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Anam solves Telenor’s spam problem with their Smart Services platform

Remember Jote from mobile services innovator, Anam? I met him back at CTIA to catch up and he mentioned that they were working on a big new client but he couldn’t say anything about it. Turns out it’s Telenor — one of the fastest growing mobile operators on the planet with 143 million subscribers in 12 countries.

I caught up with Jote, VP of Global Sales, to find out the gossip. Telenor were, it seems, having an issue with text spam that they wanted fixed pronto. After a competitive pitch against some of the well known usual suspects, Telenor opted for Anam’s Smart Services platform. The platform has an Anti-SPAM offering that detect scanning, spoofing and spam content and prevent it from reaching the subscriber handset.

Telenor can, if they choose, take advantage of the platforms other possibilities — including money transfer, multi-sim services (text messages received simultaneously on more than one device) and ad-funded SMS services.

“Did it fix the spam issue, then?” I asked Jote, knowing that, contractually, he couldn’t be specific.

“Anecdotally and without going into specifics,” he replied, “Within a short period of install, we’ve seen a significant spam reduction.”

Excellent. Proof is always in the pudding.

For Anam, the fact that Telenor — a Tier-1 level operator has adopted their services — helps to validate and consolidate their status as a serious player with an expanding, proven track record delivering services at the highest levels.

Jote is particularly keen to talk to operators about text messaging and what Anam can do to help generate revenues and boost user retention. This is all to important many mobile operators who are increasingly having to move to unlimited text models as a result of market demand. The real arse is that a lot of operators seem to think of text as just a simple basic function that’s in decline (from a revenue standpoint).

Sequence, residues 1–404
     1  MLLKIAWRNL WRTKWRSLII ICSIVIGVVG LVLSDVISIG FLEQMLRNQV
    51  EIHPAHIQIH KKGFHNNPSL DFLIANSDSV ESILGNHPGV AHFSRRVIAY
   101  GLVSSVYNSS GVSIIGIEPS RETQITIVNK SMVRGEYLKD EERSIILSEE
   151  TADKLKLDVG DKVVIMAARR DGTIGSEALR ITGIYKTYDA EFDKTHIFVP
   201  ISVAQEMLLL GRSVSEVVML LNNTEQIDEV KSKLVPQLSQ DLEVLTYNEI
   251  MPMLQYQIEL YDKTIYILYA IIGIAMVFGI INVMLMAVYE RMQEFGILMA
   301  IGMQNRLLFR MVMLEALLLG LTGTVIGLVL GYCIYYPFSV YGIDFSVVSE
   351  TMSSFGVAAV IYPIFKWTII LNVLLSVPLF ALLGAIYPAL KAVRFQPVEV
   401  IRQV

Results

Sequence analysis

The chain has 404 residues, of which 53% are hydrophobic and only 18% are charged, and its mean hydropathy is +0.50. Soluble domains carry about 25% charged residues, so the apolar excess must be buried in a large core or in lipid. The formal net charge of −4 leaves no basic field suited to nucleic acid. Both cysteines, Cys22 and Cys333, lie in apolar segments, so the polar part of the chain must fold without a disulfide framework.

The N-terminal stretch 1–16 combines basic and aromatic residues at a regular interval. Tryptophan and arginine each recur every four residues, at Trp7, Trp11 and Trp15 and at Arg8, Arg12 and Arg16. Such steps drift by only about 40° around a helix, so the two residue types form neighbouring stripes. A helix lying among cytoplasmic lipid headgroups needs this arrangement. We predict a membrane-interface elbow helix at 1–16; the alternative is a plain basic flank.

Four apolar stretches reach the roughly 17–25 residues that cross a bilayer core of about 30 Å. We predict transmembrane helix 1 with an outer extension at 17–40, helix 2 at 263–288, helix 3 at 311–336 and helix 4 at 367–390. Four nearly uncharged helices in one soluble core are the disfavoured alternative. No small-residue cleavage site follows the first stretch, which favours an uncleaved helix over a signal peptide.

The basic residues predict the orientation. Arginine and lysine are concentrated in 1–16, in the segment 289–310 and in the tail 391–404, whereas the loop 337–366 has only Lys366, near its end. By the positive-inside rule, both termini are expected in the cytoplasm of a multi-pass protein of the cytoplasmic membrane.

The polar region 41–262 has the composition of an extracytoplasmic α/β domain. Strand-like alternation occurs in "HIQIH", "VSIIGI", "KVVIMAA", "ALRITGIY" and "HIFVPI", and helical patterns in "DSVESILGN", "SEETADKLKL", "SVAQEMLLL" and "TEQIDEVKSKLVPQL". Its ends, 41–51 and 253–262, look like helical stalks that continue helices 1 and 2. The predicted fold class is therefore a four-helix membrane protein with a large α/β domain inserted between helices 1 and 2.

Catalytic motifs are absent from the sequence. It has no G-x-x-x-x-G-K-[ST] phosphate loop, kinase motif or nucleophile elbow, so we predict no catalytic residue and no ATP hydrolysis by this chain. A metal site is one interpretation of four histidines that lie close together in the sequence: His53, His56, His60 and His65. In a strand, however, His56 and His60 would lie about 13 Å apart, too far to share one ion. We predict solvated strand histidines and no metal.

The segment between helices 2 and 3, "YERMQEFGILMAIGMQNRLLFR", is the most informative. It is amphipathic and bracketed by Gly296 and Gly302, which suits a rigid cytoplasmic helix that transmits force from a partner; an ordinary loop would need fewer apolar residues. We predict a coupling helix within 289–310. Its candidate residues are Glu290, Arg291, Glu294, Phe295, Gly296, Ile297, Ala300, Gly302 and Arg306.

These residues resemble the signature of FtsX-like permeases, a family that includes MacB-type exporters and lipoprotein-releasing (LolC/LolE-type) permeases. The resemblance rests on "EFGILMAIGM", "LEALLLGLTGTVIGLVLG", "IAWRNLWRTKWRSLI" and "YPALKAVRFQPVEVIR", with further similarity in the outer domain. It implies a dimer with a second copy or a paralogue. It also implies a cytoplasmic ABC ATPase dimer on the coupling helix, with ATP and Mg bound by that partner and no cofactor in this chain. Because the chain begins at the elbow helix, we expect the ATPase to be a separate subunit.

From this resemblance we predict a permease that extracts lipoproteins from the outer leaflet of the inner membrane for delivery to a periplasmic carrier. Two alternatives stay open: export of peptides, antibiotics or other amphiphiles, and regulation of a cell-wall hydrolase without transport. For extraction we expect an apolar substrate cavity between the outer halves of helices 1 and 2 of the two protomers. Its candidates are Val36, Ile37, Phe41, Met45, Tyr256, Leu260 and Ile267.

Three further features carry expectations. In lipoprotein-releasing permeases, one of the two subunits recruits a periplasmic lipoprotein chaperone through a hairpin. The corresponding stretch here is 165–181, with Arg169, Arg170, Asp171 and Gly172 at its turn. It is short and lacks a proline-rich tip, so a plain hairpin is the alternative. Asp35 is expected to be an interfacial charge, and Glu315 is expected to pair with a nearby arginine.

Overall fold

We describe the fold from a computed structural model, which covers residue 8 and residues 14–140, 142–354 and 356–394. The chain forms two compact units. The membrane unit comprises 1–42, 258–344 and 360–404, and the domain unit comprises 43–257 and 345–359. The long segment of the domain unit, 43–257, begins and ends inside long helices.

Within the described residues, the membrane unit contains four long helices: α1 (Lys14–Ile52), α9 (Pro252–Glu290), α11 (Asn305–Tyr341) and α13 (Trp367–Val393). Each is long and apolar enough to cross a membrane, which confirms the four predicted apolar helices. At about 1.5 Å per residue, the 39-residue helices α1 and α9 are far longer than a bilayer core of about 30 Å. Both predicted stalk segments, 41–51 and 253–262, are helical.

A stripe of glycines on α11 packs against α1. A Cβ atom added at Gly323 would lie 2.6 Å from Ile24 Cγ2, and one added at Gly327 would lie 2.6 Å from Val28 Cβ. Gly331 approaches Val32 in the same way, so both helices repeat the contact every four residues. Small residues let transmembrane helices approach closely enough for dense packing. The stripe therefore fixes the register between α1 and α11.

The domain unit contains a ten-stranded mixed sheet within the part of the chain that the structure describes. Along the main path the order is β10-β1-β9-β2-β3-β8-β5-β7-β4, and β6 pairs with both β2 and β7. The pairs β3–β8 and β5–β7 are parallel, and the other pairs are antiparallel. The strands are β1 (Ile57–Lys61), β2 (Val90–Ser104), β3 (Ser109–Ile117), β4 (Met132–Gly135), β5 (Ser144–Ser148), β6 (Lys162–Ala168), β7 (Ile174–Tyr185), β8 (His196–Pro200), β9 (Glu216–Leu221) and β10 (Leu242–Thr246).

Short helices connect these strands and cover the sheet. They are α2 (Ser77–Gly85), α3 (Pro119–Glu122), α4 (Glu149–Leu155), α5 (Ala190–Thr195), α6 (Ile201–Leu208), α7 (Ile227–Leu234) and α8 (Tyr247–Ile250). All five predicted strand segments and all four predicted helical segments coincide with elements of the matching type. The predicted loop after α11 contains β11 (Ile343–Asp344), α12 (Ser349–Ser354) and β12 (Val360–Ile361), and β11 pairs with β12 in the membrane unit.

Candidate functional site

As Jote pointed out during our chat, “The excitement and hype has died down from other alternative forms of sexy applications that, alas, don’t quite pass the ‘grandma’ test. Text is mass market, ubiquitous and, frankly, if it ain’t broke, don’t fix it.”

Here here.

There’s so much more that can be done with the medium — and I’m pleased to see Anam moving to do this. For example, I’d pay a small amount of cash (4 quid a month?) to T-Mobile to have my text messages immediately redirected from my account there to my Vodafone account. Or to get texts on multiple devices. Or to have them archived online.

It’s slightly depressing how badly mobile operators have managed text services in the past. Anyone would think that all I can do with the technology is send, receive and get charged for downloading ringtones. There’s so much more!

Anyway, I’m pleased to see Telenor leading the majors, but what about a Vodafone or a T-Mobile? We live in hope. Nice work Anam!

By Ewan

Ewan is Founder and Editor of Mobile Industry Review. He writes about a wide variety of industry issues and is usually active on Twitter most days. You can read more about him or reach him with these details.

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